Central European incomprehensibility

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From Nikola Gotovac:

Today I was introduced to the web page "The directed graph of stereotypical incomprehensibility".  

There is one quite common misconception about Croatian language on that graph (and similar languages – Slovenian, Serbian, and Bosnian). To be more precise, the expression "it is all spanish village to me" is actually mis-translated to english, since the saying is "to su meni španska sela". In Croatian language the adjective for spanish is "španjolska", not "Španska". "Španska" means – one owned by "špan", or in today-croatian, "župan".

Please check Wikipedia for meaning of the term Župan. As the župan is part of governing establishment, the expression means "it is all strange to me" or "it does not belong to me, so I do not know" or "it is somebody else's (thing)".  Therefore, although it is tempting to direct this expression on Spain, the meaning is quite different.

Although I know next to nothing about Croatian, a bit of web search suggests that Dr. Gotovac is wrong, and that the župan idea is a philological eggcorn.

We can start with some dictionaries:

Wiktionary for Serbo-Croatian:

špȃnska sèla n pl ‎(Cyrillic spelling шпа̑нска сѐла)

  1. (literally) Spanish villages
  2. a topic about which one is ignorant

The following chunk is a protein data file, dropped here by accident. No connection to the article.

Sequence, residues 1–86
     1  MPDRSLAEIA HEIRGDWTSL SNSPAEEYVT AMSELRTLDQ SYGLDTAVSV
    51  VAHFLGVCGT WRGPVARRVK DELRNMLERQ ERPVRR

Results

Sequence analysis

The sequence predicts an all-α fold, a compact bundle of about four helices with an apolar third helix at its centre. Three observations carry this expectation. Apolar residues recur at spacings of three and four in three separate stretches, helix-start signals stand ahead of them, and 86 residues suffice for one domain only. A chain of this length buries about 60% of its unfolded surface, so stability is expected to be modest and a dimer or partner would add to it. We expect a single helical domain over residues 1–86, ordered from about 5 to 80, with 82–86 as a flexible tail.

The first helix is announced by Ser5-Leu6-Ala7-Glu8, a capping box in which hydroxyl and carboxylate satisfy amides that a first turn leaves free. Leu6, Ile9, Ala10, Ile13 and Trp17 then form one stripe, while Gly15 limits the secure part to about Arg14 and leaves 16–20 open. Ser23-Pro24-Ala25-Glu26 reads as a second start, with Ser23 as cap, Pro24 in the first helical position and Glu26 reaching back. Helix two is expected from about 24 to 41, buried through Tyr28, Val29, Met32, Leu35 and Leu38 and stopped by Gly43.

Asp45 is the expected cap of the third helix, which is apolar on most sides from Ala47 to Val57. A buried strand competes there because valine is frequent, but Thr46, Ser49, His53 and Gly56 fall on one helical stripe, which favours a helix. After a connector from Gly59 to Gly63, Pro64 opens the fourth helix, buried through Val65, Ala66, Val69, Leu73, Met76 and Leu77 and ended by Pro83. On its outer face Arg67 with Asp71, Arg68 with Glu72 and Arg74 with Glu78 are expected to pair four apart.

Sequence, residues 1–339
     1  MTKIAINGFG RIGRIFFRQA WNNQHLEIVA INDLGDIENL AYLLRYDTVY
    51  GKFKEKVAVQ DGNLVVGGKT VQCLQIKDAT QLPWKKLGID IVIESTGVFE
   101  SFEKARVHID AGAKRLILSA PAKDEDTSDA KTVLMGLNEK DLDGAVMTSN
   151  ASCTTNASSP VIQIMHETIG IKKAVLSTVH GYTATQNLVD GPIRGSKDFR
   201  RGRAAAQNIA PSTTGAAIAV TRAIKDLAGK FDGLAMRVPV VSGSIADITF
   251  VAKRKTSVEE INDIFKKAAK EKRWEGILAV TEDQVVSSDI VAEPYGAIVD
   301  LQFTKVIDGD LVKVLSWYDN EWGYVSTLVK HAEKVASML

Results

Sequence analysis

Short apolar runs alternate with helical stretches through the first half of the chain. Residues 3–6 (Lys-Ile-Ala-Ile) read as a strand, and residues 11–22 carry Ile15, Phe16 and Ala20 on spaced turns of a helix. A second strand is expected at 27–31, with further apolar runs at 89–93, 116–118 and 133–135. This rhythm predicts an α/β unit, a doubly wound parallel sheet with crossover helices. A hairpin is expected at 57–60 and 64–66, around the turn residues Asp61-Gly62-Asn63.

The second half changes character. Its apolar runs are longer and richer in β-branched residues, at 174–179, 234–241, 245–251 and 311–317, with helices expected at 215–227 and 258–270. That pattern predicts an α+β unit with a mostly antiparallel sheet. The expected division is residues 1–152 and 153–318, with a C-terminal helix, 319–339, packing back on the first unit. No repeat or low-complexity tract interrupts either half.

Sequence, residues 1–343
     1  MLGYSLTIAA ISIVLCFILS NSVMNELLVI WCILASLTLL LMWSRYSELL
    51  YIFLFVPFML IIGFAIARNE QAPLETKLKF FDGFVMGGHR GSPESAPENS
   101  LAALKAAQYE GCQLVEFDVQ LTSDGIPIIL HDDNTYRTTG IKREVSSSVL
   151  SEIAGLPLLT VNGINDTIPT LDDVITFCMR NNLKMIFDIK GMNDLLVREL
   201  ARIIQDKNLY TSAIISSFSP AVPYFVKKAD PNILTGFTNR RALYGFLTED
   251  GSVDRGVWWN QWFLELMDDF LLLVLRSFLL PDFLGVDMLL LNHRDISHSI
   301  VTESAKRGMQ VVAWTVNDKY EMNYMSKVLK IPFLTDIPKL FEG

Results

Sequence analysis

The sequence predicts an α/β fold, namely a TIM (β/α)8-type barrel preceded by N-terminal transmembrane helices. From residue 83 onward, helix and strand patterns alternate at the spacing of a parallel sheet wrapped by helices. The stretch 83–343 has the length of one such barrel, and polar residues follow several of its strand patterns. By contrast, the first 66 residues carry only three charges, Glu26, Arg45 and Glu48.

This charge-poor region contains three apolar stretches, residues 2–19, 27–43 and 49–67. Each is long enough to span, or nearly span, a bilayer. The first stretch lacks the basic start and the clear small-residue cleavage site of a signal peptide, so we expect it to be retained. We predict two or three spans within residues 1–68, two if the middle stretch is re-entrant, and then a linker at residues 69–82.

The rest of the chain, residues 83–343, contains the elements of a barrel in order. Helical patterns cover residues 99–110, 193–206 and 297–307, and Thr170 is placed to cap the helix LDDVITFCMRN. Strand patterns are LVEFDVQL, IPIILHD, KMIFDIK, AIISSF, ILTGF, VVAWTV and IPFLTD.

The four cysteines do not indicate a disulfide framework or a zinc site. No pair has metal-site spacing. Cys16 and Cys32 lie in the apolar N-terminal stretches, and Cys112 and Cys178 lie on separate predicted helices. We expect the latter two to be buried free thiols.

3. It's all Greek to me

For španski, Wiktionary gives

špȃnskī ‎(Cyrillic spelling шпа̑нскӣ)

  1. (Bosnia, Serbia) Spanish
  2. (Bosnia, Serbia, in masculine, substantive) the Spanish language

with (Croatian): špànjōlskī as an "Alternative form".

The glosbe.com Croatian-English dictionary gives:

španski     Spanish


  to su za mene španska sela.
It is for me a Spanish village = be Greek to me.

But still, maybe these španski-based versions are all just modern inventions, misunderstandings of an older Župan-based expression?

I don't think so, because the Serbo-Croatian expressions — like a lot of other aspects of Serbo-Croatian culture and language — are almost certainly borrowed from German.

Edwin Zeydel, "Das kommt mir Spanisch vor", The Journal of English and Germanic Philology, 1922, explains how and when "Spanish" or "Spanish villages" became a proverbial equivalent of incomprehensible weirdness for German speakers:

The immediate origin of the expression "das kommt mir spanisch vor,"—practically synonymous with the more usual proverb "das sind mir bohmische Dorfer"— in its customary present-day connotation of something strange, rare or outlandish, has probably been correctly traced to the seventeenth century. For although in discussing it, Borchardt says that it arose at the time of the introduction of Spanish customs into Germany by Charles V, he quotes only Simplicissimus: "Bey diesem Herrn kam mir alles widerwertig und fast Spanisch vor" and no sixteenth century author. Wander,' too, does not attempt to trace the saying any further back, but mentions the reports of German travelers and adventurers who had been in Spain as having given rise to it. […]

In turning back, at Borchardt's suggestion, to the sixteenth century, we find that Spain and its people were practically unknown in Germany, and that such knowledge on the subject as existed can be traced to unreliable, wildly imaginative adventurers or to pilgrims. In fact, at the beginning of the century, Spain was hardly considered a part of the European continent at all.

This Academic Universal-Lexikon entry confirms the German usage.

And we can close with a passage from Goethe's Die Leiden des jungen Werter (1774),  because why not:

Am 24. Dezember 1771